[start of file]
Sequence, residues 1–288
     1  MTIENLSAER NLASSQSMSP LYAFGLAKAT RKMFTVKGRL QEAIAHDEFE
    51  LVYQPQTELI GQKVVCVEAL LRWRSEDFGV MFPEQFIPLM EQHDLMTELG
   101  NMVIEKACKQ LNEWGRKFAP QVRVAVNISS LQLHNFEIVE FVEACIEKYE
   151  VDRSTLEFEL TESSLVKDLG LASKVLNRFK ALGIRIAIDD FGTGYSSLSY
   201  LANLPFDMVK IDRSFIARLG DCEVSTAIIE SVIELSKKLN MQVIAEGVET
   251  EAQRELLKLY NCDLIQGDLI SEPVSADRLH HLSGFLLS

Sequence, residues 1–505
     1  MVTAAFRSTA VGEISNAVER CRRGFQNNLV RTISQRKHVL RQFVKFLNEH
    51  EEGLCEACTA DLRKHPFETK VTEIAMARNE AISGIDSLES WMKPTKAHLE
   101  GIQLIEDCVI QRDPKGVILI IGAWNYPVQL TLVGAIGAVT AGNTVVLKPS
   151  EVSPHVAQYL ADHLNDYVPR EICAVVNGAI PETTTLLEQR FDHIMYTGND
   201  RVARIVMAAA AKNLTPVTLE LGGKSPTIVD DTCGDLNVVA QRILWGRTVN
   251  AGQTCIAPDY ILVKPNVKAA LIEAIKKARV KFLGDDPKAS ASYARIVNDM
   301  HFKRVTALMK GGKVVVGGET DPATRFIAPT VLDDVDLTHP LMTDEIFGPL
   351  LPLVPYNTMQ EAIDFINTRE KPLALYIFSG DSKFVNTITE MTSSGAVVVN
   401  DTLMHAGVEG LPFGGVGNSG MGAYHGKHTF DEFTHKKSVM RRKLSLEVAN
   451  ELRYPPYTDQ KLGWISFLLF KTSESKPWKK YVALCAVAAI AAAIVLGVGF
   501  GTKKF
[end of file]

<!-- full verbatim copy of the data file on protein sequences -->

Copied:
Sequence, residues 1–288
     1  MTIENLSAER NLASSQSMSP LYAFGLAKAT RKMFTVKGRL QEAIAHDEFE
    51  LVYQPQTELI GQKVVCVEAL LRWRSEDFGV MFPEQFIPLM EQHDLMTELG
   101  NMVIEKACKQ LNEWGRKFAP QVRVAVNISS LQLHNFEIVE FVEACIEKYE
   151  VDRSTLEFEL TESSLVKDLG LASKVLNRFK ALGIRIAIDD FGTGYSSLSY
   201  LANLPFDMVK IDRSFIARLG DCEVSTAIIE SVIELSKKLN MQVIAEGVET
   251  EAQRELLKLY NCDLIQGDLI SEPVSADRLH HLSGFLLS

Sequence, residues 1–505
     1  MVTAAFRSTA VGEISNAVER CRRGFQNNLV RTISQRKHVL RQFVKFLNEH
    51  EEGLCEACTA DLRKHPFETK VTEIAMARNE AISGIDSLES WMKPTKAHLE
   101  GIQLIEDCVI QRDPKGVILI IGAWNYPVQL TLVGAIGAVT AGNTVVLKPS
   151  EVSPHVAQYL ADHLNDYVPR EICAVVNGAI PETTTLLEQR FDHIMYTGND
   201  RVARIVMAAA AKNLTPVTLE LGGKSPTIVD DTCGDLNVVA QRILWGRTVN
   251  AGQTCIAPDY ILVKPNVKAA LIEAIKKARV KFLGDDPKAS ASYARIVNDM
   301  HFKRVTALMK GGKVVVGGET DPATRFIAPT VLDDVDLTHP LMTDEIFGPL
   351  LPLVPYNTMQ EAIDFINTRE KPLALYIFSG DSKFVNTITE MTSSGAVVVN
   401  DTLMHAGVEG LPFGGVGNSG MGAYHGKHTF DEFTHKKSVM RRKLSLEVAN
   451  ELRYPPYTDQ KLGWISFLLF KTSESKPWKK YVALCAVAAI AAAIVLGVGF
   501  GTKKF